Wishy Washy Star of Babylon

Star of Babylon by Bethany Wallace was a book I found in the Amazon freebie book section. The reason this book interested me was that it was Biblical Fiction. What I enjoy most about the Biblical Fiction genre is an author crafting a believable story of what could have happened. In the case of this book, I did not feel like that happened; in fact, it was more wishy-washy in nature. Our main protagonist in this story is Esther. Little is said in the Bible of her story beyond the big events. We know how Esther was chosen by the King to be his bride, how she kept her nationality a secret, and how she acted to save the Jews even at her own peril. What we do not know about Esther is who her friends were, how life might have been like in the Palace, was there intrigue? These are but a few examples of what authors have license to explore.

Wallace, with her portrayal of Esther, fails to live up to the potential of what this story could be. She leaves out details, introduces loose ends, and seems to be writing for more of a grade-school audience as opposed to a mature audience. Numerous times in the book we have Esther saying things or acting in ways that would get her in trouble. There’s a difference between acting boldly and acting disrespectfully. Also, this Esther seems to have a ‘magical touch’ and seems to get all the women in Xerxes’ court adoring her. Not only is that improbable, it also leaves out a possible plot-line about the political structure of the harem. Another deficiency of this book is that it fails to mention that any of the men inside of the harem would have for the most part been eunuchs, as was custom in that time. Esther’s nightly visits with her uncle Mordecai would not have happened, after all, he was only a MINOR court official. In this book we do not see the angst that Esther would have wrestled with, the stress that would be on her shoulders. We do not see the frustration of Xerxes who was unable to conquer Greece, the ramifications of palace intrigue, the assassination attempts, the rivalry between the children of concubines and that of Esther. All of this makes for a good story and was unfortunately left out of Star of Babylon.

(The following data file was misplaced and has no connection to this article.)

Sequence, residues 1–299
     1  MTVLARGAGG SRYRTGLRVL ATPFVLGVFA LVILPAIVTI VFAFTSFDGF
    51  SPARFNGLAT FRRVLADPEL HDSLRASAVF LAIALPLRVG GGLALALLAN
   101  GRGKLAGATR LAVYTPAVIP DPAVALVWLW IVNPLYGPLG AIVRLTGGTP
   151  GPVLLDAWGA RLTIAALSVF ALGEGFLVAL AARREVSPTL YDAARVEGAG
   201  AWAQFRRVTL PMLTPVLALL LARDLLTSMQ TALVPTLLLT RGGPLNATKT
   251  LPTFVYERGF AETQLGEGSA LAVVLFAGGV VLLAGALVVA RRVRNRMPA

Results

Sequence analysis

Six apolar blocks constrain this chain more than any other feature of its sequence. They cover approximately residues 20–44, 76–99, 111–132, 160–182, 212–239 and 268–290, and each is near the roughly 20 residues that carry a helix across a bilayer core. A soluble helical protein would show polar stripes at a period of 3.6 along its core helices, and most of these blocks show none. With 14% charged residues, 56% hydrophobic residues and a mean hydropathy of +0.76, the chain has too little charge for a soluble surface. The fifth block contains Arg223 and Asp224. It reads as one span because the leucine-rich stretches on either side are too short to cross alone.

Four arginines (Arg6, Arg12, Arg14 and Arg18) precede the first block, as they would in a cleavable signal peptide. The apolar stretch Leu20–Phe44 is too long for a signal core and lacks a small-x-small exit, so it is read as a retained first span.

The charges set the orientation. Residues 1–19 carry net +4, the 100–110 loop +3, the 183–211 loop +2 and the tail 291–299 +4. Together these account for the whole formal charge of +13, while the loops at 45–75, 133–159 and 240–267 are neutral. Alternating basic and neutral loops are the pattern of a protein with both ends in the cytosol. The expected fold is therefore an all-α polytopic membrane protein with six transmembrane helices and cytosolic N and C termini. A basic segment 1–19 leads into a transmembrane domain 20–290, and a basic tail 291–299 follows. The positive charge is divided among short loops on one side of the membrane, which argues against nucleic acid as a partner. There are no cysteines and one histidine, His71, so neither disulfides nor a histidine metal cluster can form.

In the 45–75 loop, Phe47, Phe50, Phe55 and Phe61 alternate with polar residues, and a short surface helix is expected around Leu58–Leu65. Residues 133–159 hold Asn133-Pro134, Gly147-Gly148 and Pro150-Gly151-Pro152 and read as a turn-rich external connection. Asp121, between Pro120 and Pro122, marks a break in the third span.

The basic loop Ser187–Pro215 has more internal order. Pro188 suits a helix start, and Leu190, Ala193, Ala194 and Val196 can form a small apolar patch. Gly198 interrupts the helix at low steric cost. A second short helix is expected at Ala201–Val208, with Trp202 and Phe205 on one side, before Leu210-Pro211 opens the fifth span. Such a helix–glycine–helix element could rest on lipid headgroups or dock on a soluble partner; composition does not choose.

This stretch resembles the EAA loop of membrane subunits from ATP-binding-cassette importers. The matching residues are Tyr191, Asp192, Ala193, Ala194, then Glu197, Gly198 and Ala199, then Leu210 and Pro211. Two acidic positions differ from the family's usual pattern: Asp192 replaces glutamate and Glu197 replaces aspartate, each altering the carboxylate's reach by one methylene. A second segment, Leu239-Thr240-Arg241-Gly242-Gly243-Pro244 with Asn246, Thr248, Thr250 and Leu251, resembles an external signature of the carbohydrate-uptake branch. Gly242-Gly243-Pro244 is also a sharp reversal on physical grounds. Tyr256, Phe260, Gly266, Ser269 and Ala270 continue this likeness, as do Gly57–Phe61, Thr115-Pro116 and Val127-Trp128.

This book does not even seem to stay in line with Biblical account. In Star of Babylon, when Esther found out from Mordecai the plot of Bigthan and Teresh, she ‘dealt’ with it herself without worrying the King. Not only would that have been a taboo in those days, it also differs from the Biblical account of what happened. Esther went to the King about what she’d found out, the report was investigated, and once it was found to be true, the two men were executed on poles. Even if the women in Babylon had power back in those days, no woman, Queen or not, would have kept a secret of such magnitude from her husband.

For young teens and grade-schoolers, this would be a passable book, after all, it is an easy read, even if not completely accurate. For individuals that would like to read a story with depth, I invite you to check out one of my favorite books about Esther by Trudy J. Morgan-Cole. Not only does this book immerse you in the historical period of the time, it also stays true to the Biblical account of Esther. It’s one of my favorite books and should provide a good read. For reasons outlined above, I can only give Star of Babylon 2/5 stars. I would not suggest this book to anyone; go read Trudy J. Morgan-Cole’s instead.


Unfortunately I read the other version of Esther before I started doing book reviews, I’ll try and get one up sometime soon in the near future on Trudy J. Morgan-Cole’s version. For now however, here’s a link to that story for you to check out! 🙂 http://www.amazon.com/Esther-A-Story-Courage-ebook/dp/B002RWJ6S6/ref=tmm_kin_title_0

To find my review on Amazon, go here: http://www.amazon.com/review/R16M0A3T9AYVMZ/ref=cm_cr_rdp_perm


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